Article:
Malaysian forests can be very sacred to some cultures in Malaysia, especially indigenous cultures, the Orang Asli. The forest is considered to have a spiritual tie to these people, so it is important to respect this by behaving in forests.

It is best to avoid plucking leaves unnecessarily and avoid saying negative things to mother nature in fear of the wrath of spiritual forces.

Malaysians also avoid having too much fun or being too loud in the forest as a sign of respect and to avoid losing focus from the right path.

Woman hiker exploring the majestic jungle of Kubah National Park, West Sarawak, Borneo, Malaysia.

DO dress modestly

Most Malaysian women, especially the Muslims, tend to wear more conservative clothing, as it is considered a duty in Islam. It is important to remember to be considerate and avoid outrageous clothing, as some Malaysians are not used to it.

In more remote areas or the countryside like the East Coast, it is best to stick to wearing at least a shirt and pants that reach below the knee. In cities like Kuala Lumpur however, Malaysians tend to accommodate different fashion styles as there are more tourists visiting and the area is more culturally diverse.

At beaches, it is also uncommon to do topless sunbathing, but bikinis should be fine.

Do remember that Malaysia is quite hot and humid, so you should not need to have too many layers, otherwise you’d be drenched in sweat!

Kuala Lumpur, Malaysia – January 26, 2017

DO use your right hand when passing items and eating

Malaysians believe that the left hand is often impure, as it is used for cleaning our body. Because of this, the right hand is used to eat, pass or receive anything.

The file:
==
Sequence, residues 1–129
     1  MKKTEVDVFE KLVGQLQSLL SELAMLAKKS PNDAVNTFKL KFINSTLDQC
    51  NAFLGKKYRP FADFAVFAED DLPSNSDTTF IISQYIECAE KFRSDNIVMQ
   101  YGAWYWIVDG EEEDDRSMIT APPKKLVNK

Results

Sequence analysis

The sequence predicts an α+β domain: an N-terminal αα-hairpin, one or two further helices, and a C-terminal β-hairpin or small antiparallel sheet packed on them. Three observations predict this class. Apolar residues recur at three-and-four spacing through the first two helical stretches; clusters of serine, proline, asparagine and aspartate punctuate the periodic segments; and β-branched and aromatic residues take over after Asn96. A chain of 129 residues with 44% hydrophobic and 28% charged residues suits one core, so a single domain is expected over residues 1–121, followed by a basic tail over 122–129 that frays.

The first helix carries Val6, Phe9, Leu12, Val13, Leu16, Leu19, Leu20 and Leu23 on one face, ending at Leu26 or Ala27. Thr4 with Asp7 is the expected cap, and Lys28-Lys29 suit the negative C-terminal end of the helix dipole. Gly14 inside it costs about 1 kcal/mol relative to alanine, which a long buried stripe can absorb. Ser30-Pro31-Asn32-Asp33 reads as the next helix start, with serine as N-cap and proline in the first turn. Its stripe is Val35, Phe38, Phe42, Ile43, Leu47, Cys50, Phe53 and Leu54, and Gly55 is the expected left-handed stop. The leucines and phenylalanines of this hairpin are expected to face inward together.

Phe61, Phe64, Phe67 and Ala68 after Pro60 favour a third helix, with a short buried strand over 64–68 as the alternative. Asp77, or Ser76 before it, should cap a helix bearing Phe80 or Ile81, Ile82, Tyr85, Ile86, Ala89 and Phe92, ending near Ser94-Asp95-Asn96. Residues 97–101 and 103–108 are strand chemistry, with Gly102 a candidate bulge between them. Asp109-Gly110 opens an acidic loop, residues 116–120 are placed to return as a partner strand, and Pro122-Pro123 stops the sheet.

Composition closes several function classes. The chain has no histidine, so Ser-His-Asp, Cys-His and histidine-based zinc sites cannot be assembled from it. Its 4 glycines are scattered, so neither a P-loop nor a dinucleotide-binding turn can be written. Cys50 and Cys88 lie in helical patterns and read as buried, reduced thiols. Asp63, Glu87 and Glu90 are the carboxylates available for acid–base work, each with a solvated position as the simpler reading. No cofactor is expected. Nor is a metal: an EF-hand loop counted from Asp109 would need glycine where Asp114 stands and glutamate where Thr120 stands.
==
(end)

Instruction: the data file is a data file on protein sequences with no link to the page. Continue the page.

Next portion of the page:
Even in circumstances where the left hand is accidentally used, you will often hear Malaysians apologising for using their left hand instead of their right hand.

DO learn some of the language

According to the 2019 EF English Proficiency Index, Malaysia ranked 26 out of 100 countries. Although Malaysia would be considered to have high proficiency in English, there are a lot of Malaysians who are still unable to converse fluently.

It might be hard to communicate with a hawker at a stall during your night market visits while in Malaysia.

To make things easier, it would be convenient if you could learn some Malay/ Malaysian terms. Sometimes, being able to speak Malay would help you get better prices while bargaining!

Here are some short, important phrases you should know!

  1. Berapa ringgit? (or Berapa harga?) / How much does this cost?
  2. Saya tidak faham. / I don’t understand.
  3. Mahal / Expensive
  4. Murah / Cheap
  5. Saya suka. / I like this (or that).
  6. Saya tidak suka. / I don’t like this (or that).
  7. Saya nak pergi … / I want to go to …
  8. Di mana …? / Where is …?
  9. Jauh / Far
  10. Dekat / Close (or near)
  11. Tandas / Toilet
  12. Saya alah. / I am allergic.
  13. Saya tak nak pedas. / I don’t want it spicy.
  14. Boleh murah lagi? / Can you lower the price?
  15. Saya nak beli. / I want to buy this (or that)
  16. Wang (or Ringgit or Duit) / Money
  17. Terima kasih. / Thank you.
  18. Maafkan saya. / Excuse me (or I’m sorry).
  19. Bahaya. / Danger
  20. Tolong saya. / Help me.
Kuala Lumpur, Malaysia – March 16, 2019: People at Night Market, Jalan Tuanku Abdul Rahman, or Jalan TAR, a famous place for locals and tourists for shopping.

Once you’ve abided by these do’s and don’ts, you’re on your way to blending in with Malaysian society and enjoying the rest of your trip with ease!